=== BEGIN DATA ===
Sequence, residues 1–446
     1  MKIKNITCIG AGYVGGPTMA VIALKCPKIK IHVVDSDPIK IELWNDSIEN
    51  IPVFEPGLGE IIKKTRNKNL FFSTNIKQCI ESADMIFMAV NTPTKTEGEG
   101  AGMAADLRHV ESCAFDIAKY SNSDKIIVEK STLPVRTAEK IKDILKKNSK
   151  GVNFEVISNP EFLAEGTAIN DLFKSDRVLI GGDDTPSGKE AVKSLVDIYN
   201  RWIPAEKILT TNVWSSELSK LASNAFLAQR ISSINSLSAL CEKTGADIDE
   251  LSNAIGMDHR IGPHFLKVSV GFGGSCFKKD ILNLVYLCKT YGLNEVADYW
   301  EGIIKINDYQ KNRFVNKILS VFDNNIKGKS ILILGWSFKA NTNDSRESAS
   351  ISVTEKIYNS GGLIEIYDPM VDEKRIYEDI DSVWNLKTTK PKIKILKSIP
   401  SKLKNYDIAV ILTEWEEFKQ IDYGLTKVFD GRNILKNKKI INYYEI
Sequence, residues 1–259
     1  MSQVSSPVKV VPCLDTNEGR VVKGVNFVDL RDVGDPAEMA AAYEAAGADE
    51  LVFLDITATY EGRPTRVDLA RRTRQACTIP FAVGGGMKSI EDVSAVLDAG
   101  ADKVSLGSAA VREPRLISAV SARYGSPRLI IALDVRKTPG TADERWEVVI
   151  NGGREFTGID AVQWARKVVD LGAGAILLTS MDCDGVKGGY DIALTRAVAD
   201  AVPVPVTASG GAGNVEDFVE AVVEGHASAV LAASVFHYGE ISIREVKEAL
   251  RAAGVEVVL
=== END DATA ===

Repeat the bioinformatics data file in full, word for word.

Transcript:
Sequence, residues 1–446
     1  MKIKNITCIG AGYVGGPTMA VIALKCPKIK IHVVDSDPIK IELWNDSIEN
    51  IPVFEPGLGE IIKKTRNKNL FFSTNIKQCI ESADMIFMAV NTPTKTEGEG
   101  AGMAADLRHV ESCAFDIAKY SNSDKIIVEK STLPVRTAEK IKDILKKNSK
   151  GVNFEVISNP EFLAEGTAIN DLFKSDRVLI GGDDTPSGKE AVKSLVDIYN
   201  RWIPAEKILT TNVWSSELSK LASNAFLAQR ISSINSLSAL CEKTGADIDE
   251  LSNAIGMDHR IGPHFLKVSV GFGGSCFKKD ILNLVYLCKT YGLNEVADYW
   301  EGIIKINDYQ KNRFVNKILS VFDNNIKGKS ILILGWSFKA NTNDSRESAS
   351  ISVTEKIYNS GGLIEIYDPM VDEKRIYEDI DSVWNLKTTK PKIKILKSIP
   401  SKLKNYDIAV ILTEWEEFKQ IDYGLTKVFD GRNILKNKKI INYYEI
Sequence, residues 1–259
     1  MSQVSSPVKV VPCLDTNEGR VVKGVNFVDL RDVGDPAEMA AAYEAAGADE
    51  LVFLDITATY EGRPTRVDLA RRTRQACTIP FAVGGGMKSI EDVSAVLDAG
   101  ADKVSLGSAA VREPRLISAV SARYGSPRLI IALDVRKTPG TADERWEVVI
   151  NGGREFTGID AVQWARKVVD LGAGAILLTS MDCDGVKGGY DIALTRAVAD
   201  AVPVPVTASG GAGNVEDFVE AVVEGHASAV LAASVFHYGE ISIREVKEAL
   251  RAAGVEVVL